McCall’s 5056, in tropical print cotton lawn, and a recycled duvet cover [ancient, cotton or poly-cotton, no idea!]
This pattern’s been languishing in stash for ages. I bought it totally on impulse, no doubt attracted to the somewhat 70s vibe of the line drawing. I always prefer patterns with drawings, they have so much more charm than photographs, don’t you think? And the clothes fit the models better too…
I also bought the fabric on impulse, seduced by the colours [and if I remember rightly, it was a bargain too]. Then it just didn’t tell me what it wanted to be.
Meanwhile I kept getting the pattern out, and kept putting it back because it demanded SO MUCH YARDAGE.
Eventually, a couple of weeks back, The Sewing Place set up a ‘florals’ challenge, and I found I only had this floral in stash. It seems that I don’t often buy florals, and if I do, I use them for specific projects… Of course, there wasn’t enough yardage, AND being a border print, layout would be limited. I looked again at the line drawing on the back of the packet, and had a revelation. It’s cut in godets! And the panels between the godets are simple rectangles!
I rummaged for any old cotton in a shade of blue which would harmonise [blues can be tricksy to match, don’t you think?] Up popped this old duvet cover, already re-fashioned into a door curtain at our previous rental, and languishing in a carrier bag ever since. Worn, faded, soft…yes please, just right for a 70-ish summer maxi skirt. [‘Boho’ my arse]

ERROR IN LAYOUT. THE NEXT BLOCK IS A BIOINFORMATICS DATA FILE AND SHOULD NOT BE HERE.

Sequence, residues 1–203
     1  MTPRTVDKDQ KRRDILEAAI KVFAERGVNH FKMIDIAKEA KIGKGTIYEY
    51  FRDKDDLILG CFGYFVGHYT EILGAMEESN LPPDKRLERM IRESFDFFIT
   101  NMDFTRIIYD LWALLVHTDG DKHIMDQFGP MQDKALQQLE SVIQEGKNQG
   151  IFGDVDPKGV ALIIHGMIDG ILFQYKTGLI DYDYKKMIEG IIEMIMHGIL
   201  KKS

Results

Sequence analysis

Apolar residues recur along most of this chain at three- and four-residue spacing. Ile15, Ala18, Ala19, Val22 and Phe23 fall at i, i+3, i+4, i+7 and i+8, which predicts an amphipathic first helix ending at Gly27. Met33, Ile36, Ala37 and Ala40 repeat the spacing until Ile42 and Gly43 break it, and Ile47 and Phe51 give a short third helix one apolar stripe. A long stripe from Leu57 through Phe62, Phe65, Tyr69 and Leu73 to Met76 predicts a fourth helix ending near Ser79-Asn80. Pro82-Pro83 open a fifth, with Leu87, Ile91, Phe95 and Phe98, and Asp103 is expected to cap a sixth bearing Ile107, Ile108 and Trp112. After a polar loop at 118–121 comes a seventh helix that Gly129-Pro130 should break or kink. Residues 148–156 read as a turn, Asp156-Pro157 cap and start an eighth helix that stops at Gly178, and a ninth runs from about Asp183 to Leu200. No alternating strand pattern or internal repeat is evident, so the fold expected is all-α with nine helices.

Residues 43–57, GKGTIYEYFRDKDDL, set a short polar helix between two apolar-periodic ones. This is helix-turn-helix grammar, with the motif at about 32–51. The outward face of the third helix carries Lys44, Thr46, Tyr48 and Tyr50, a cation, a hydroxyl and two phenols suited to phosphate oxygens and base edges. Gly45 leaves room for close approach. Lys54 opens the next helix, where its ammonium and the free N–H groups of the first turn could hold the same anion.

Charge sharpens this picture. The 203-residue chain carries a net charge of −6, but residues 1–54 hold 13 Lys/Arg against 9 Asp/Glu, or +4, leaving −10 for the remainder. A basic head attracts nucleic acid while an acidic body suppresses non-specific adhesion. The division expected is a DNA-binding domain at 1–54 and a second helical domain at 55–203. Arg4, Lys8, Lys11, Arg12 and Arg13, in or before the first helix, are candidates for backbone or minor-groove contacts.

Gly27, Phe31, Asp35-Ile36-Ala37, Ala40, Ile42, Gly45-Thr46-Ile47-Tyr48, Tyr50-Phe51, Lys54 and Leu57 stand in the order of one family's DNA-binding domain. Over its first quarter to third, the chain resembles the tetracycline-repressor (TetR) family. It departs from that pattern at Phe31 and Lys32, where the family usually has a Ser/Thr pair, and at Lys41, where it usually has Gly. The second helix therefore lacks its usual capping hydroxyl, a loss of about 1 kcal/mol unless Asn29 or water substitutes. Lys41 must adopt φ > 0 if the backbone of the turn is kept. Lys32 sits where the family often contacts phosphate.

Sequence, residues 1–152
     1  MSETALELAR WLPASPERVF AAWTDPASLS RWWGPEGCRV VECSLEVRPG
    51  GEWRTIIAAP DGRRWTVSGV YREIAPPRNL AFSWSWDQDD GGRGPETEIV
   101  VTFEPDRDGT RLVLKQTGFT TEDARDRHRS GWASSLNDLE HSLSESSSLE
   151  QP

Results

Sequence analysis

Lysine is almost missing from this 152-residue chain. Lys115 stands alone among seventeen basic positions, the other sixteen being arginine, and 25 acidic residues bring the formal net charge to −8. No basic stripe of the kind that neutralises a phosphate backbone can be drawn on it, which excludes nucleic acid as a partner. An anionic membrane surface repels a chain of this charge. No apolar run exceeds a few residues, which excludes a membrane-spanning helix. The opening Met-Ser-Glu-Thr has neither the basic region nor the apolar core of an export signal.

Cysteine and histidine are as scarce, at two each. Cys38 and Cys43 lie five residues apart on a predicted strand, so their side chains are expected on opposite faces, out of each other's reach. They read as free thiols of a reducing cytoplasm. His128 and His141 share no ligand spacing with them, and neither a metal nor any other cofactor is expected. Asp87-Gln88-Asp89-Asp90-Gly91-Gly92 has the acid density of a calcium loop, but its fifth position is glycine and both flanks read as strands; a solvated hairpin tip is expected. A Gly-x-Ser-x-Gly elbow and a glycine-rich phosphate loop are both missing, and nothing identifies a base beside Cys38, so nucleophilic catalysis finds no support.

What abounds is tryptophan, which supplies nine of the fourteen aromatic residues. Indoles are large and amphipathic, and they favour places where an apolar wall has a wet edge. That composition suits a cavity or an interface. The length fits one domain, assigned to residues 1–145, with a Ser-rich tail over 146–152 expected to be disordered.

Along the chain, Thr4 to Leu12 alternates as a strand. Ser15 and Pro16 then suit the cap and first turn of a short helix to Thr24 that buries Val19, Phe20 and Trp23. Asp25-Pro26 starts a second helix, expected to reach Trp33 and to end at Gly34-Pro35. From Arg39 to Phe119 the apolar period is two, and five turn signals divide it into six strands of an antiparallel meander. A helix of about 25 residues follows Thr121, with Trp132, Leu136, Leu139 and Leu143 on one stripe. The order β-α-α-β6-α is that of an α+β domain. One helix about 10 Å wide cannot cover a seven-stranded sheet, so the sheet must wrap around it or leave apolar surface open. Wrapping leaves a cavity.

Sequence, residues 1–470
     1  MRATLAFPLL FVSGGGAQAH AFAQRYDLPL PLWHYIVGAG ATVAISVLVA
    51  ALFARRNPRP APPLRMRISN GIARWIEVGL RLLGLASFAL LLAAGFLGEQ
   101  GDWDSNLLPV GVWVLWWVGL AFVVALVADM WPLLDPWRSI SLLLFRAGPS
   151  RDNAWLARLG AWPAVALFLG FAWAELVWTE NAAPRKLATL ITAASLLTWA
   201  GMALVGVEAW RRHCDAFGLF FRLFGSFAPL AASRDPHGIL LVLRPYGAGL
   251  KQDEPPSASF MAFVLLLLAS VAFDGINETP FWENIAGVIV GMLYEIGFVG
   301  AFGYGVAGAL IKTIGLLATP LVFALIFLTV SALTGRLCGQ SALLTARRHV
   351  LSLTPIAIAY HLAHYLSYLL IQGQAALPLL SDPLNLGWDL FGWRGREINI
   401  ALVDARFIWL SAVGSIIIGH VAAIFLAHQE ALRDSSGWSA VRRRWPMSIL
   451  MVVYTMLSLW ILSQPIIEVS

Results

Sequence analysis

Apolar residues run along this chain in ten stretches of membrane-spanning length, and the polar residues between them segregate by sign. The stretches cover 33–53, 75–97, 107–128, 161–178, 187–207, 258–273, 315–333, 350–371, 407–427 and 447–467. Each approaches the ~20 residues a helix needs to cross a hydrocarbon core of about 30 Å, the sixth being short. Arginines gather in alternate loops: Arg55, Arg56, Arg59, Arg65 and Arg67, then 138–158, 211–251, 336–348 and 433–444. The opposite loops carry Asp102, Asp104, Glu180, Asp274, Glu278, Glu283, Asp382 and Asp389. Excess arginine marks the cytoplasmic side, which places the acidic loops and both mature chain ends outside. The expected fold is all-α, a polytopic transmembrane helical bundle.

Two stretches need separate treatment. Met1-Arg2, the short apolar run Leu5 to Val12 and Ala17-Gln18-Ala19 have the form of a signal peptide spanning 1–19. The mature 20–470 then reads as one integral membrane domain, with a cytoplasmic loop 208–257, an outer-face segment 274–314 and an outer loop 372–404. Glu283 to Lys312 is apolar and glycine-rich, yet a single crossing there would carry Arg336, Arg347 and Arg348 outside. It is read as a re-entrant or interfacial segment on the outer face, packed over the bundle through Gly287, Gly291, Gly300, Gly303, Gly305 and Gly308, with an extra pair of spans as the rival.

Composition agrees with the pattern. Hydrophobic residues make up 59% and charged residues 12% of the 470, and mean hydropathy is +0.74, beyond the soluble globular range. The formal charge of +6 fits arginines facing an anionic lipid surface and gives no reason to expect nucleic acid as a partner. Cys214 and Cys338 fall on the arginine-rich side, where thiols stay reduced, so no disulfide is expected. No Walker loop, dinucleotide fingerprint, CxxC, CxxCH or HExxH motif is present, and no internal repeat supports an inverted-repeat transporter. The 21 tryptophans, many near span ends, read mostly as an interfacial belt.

It’s supposed to have a drawstring, but hey, with my fat belly? Nope. I went with simple elastic- it goes on easily over my non-bum and hips, and only needs a bit of help to stay up. I cut 2″ off the pattern length, and everything JUST squeaked out of the border print.
Apart from organising the slightly different length godets and rectangular panels into the right order as per the instructions, I then totally ignore them, and zoomed the whole thing up, cheat style, on the overlocker.
By that, I mean that I sewed each godet piece to a rectangular panel from bottom to where it ended, totally ignoring notches and other markings. I just ran the overlocker off the edge when the godet ran out. I then sewed the next rectangular panel on, again starting from the hem edge, and this time whizzing straight up over the godet point and up to the waist. Easy peasy. Not at all accurate, but hey, shoot me! The waist edges ended up slightly out, but so what?
Yet another narrow hem, although I didn’t fuss to get it particularly beautiful, I don’t expect this to be a long lasting wardrobe item. I made a loop of elastic to fit my ‘waist’, and enclosed it at by just folding and stitching. Done. An hour and a half or so?
It’s a HUGE swirl, more than a full circle and should be great for cool summer wear with no need for shaved legs or tights. Result!